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FIGHTING at home is something that every boxer yearns for, especially when competing for a world title, because it gives them the edge.
The support from fans also plays a pivotal role and their shouts have often swayed judges' scoring.
Simphiwe "Golden Master" Nongqayi could be in that situation when he fights Mexican Jorge "Traviesso" Arce for the vacant IBF super flyweight belt on September 15.
But only if negotiations between Nongqayi's promoter Branco Milenkovic and Fernando Beltran, who manages and promotes Arce, reach a deadlock. Milenkovic said there were loose ends that needed to be tied up, failing which the fight would be held here. Milenkovic won the purse bid last month.
But Nongqayi prefers to fight away from home because he says the noise and instructions from overzealous local fans makes it difficult for him to listen to his trainer's instructions.
He says he could hear trainer Nick Durandt's voice loud and clear when he defeated Francisco Arce (Jorge's brother) in Mexico for the number one spot in February.
"Obviously I will be happy if it takes place here but I will be glad with Mexico as well. I have already made an impression there," he said. "It is also great to win a world title outside home because it shows that you are the real thing.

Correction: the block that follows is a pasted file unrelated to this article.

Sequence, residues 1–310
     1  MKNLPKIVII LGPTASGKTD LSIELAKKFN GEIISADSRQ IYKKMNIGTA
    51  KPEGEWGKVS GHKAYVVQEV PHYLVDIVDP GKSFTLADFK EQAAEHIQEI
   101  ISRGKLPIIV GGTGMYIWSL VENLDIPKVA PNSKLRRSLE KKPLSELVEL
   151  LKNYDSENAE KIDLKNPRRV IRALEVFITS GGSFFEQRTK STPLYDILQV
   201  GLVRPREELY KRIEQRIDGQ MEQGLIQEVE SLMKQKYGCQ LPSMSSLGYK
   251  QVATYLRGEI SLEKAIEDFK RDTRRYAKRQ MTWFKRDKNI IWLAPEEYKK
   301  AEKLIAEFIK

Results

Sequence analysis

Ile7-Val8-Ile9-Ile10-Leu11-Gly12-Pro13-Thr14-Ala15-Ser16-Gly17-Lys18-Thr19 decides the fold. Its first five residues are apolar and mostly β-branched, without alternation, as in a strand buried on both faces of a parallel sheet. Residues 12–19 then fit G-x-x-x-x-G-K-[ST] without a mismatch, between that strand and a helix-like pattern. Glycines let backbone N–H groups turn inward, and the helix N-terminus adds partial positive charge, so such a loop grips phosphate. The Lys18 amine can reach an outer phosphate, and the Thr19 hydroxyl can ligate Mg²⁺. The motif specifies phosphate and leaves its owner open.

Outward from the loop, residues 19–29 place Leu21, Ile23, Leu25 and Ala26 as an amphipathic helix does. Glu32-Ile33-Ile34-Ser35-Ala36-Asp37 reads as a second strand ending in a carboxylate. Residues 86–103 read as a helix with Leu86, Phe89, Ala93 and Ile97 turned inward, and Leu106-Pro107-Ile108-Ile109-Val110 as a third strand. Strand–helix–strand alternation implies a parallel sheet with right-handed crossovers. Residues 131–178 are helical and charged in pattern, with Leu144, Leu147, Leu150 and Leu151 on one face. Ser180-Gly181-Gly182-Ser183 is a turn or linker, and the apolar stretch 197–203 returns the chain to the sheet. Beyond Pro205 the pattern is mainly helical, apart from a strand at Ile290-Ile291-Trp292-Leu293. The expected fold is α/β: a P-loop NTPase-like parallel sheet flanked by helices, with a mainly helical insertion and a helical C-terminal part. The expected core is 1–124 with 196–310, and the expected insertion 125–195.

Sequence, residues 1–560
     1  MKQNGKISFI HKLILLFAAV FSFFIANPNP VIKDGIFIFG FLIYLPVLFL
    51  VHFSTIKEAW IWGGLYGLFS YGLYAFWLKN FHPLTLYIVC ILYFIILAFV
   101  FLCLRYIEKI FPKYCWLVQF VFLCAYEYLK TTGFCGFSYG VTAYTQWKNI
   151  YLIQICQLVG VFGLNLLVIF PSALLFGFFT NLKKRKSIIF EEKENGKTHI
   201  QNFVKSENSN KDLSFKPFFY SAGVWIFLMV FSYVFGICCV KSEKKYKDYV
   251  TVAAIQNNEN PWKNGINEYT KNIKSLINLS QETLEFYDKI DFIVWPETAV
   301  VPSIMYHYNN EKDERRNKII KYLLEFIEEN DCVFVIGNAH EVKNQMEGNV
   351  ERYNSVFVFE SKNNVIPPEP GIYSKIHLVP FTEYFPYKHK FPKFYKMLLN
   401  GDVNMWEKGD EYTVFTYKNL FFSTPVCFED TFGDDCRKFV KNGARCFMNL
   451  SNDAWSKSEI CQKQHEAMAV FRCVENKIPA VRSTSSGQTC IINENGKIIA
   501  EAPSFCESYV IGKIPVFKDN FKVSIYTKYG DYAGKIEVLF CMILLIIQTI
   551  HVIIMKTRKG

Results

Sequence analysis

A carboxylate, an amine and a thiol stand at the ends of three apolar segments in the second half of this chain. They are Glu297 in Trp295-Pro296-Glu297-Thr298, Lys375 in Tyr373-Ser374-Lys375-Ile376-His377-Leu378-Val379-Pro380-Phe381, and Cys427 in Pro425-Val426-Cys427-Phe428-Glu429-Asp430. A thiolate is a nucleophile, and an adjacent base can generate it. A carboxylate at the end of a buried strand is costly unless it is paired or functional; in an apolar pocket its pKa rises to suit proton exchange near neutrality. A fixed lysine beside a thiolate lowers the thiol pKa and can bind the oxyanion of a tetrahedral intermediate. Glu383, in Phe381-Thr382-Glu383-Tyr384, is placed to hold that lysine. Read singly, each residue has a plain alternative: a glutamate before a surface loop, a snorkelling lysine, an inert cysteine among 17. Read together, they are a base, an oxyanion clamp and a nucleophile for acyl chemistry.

"Look at my stablemate Isaac Hlatshwayo - he won the IBF welterweight belt in America. That shows that he is the ultimate warrior."
Nongqayi and Arce will fight for the belt that was relinquished by Australian Vic Darhinyan two days after Milenkovic won the purse bid.
"I don't undermine Arce at all but I can safely say he won't see the 10th round," Nongqayi said.
This 36-year-old former WBF undefeated champion from Eastern Cape is undefeated after 15 fights (6 KOs) while Arce, 30, from Los Mochis, is an experienced campaigner with 52 wins (40 KOs), three defeats and a draw.
Arce, the former multiple title holder in the light flyweight, flyweight and super flyweight divisions, boasts a fourth-round stoppage win over Masibulele "Hawk" Makepula.